The night in its course of time, soon brought in two more accomplices Dawit and Tamrath behind bars while the morning saw Zergaw lay the trap for Henry and Fred. Zergaw's words echoed Haile's carefully well thought out trap. Nothing sold like greed.

He told Henry, 'Listen man, I've got a buyer for the whole of the weed.’

Henry said, ' where you wanna meet?’

The meeting was set up at the crowded 'Kaldis coffee shop Medhanealam at five o clock in the evening. Henry smiled as he put the phone down and dialed another number. Fred was too deaf and far too dumb to be able to fathom whatever went on inside of Henry's scheming mind.

I noticed that I was improving each day and had a much more satisfying outing every day in comparison to its previous day. I used to run a full five thousand meters every time I ran, and my coach would time each lap individually. When I finished on the day, through the corner of my eyes, I saw Ato Mulugeta strategize with a few more senior and seasoned athletes about my running abilities and statistics.

A blue colored Suzuki tailed us back all the way home. Mekuria called Henry who couldn’t believe his ears when he heard what he had to tell him. He laughed out loud calling out for Fred. 'The mother fucker is training to be a professional runner.’ ‘Wish I could carry a pistol into the stadium pretending it to be the starter's whistle and then use the same gun to blow the arse holes’ brains off. Did he ever run in the Rasta farm?'

'Not that I know of,’ said an equally bemused Fred. ‘He would walk to the airport but only to get stoned.'

The Kayakis were as green as angels and knew nothing beyond green vegetables and green tef. A few hundred miles of ride in the rough had been for nothing after all! The drug raid organized by Commissioner Haile, that had promised to be a blast turned out to be a damp squib!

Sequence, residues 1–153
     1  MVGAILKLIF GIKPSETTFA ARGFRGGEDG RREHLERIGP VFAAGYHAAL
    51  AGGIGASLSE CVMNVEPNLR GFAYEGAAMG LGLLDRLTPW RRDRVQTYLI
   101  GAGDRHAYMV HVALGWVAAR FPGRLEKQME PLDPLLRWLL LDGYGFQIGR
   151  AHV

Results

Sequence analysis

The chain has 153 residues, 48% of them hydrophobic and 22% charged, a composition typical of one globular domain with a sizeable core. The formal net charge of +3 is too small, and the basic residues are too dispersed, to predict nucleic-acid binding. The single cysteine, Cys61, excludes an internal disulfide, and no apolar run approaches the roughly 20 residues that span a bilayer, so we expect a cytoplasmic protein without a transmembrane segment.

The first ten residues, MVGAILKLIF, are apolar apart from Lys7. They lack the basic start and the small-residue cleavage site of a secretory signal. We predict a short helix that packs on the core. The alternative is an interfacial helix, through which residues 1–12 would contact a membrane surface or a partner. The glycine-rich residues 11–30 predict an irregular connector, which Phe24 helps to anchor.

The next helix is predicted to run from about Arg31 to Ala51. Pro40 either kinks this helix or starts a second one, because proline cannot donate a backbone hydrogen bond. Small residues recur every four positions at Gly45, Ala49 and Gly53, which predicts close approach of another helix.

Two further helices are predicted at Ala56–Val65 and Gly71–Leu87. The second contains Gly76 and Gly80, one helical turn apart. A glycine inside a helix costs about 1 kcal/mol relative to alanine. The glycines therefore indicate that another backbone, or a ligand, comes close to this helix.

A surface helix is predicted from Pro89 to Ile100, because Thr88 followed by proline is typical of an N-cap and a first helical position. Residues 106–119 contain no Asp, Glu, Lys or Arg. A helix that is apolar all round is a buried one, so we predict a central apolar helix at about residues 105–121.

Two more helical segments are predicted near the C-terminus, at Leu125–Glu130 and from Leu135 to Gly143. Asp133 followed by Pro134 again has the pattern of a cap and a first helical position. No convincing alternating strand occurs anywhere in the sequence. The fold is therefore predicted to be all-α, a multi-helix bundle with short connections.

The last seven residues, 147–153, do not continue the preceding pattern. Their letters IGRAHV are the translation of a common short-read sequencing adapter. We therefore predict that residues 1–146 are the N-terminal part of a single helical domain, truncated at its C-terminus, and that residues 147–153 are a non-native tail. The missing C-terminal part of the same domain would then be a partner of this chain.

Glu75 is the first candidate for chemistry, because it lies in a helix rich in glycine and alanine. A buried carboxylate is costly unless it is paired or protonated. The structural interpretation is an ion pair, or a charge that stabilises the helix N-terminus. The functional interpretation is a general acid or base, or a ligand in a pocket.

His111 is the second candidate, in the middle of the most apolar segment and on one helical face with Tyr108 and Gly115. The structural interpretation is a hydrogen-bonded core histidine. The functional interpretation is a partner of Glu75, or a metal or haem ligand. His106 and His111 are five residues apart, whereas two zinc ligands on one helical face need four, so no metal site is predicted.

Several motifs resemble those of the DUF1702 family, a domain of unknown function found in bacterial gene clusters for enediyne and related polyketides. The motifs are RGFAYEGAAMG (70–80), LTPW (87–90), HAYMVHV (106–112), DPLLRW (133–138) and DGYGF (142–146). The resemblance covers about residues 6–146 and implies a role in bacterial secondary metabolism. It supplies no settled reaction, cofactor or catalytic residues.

The law keepers ruefully made their way back to where they came from and on the other hand, the Kayakis rejoiced at the fast one they had so cleverly pulled!

Mustafa sat himself under the Kalldis café’s umbrella shade at five minutes to five. It was the time of the day when people would start to pour in to the place and relax with their friends over refreshments. The place spun money as much as the macchiato that spun around in the steaming coffee machines. He waved out, when he saw Henry and Fred, trying to find themselves a place to park. Fred had lost weight ever since the center of action had shifted to Addis Pension; his waist having taken two inches off it and so his trousers hung ever so shabbily over his rotund paunch. Even before Fred could move towards Mustafa’s table, Henry excused himself, saying that he needed to pick up some fags. Haile and gang waited patiently at the far end of the parking lot perpendicular to the café, completely oblivious to everybody around while a solitary cop dressed in plain clothes kept a strict vigil over Zergaw alias Mustafa. Henry went absolutely unnoticed. He quietly crossed the road and put his hand in his pockets. He flipped open his Samsung mobile and dialed. Plan B, was now into action.